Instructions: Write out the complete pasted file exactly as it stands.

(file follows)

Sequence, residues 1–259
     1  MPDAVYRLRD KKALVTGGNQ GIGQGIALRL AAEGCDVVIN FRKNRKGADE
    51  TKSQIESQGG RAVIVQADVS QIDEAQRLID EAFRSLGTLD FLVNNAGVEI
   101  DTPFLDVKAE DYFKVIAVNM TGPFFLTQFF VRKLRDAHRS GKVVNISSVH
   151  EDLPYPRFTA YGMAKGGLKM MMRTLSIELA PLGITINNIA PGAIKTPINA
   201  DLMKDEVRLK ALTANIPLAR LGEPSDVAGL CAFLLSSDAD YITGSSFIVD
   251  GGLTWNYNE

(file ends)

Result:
Sequence, residues 1–259
     1  MPDAVYRLRD KKALVTGGNQ GIGQGIALRL AAEGCDVVIN FRKNRKGADE
    51  TKSQIESQGG RAVIVQADVS QIDEAQRLID EAFRSLGTLD FLVNNAGVEI
   101  DTPFLDVKAE DYFKVIAVNM TGPFFLTQFF VRKLRDAHRS GKVVNISSVH
   151  EDLPYPRFTA YGMAKGGLKM MMRTLSIELA PLGITINNIA PGAIKTPINA
   201  DLMKDEVRLK ALTANIPLAR LGEPSDVAGL CAFLLSSDAD YITGSSFIVD
   251  GGLTWNYNE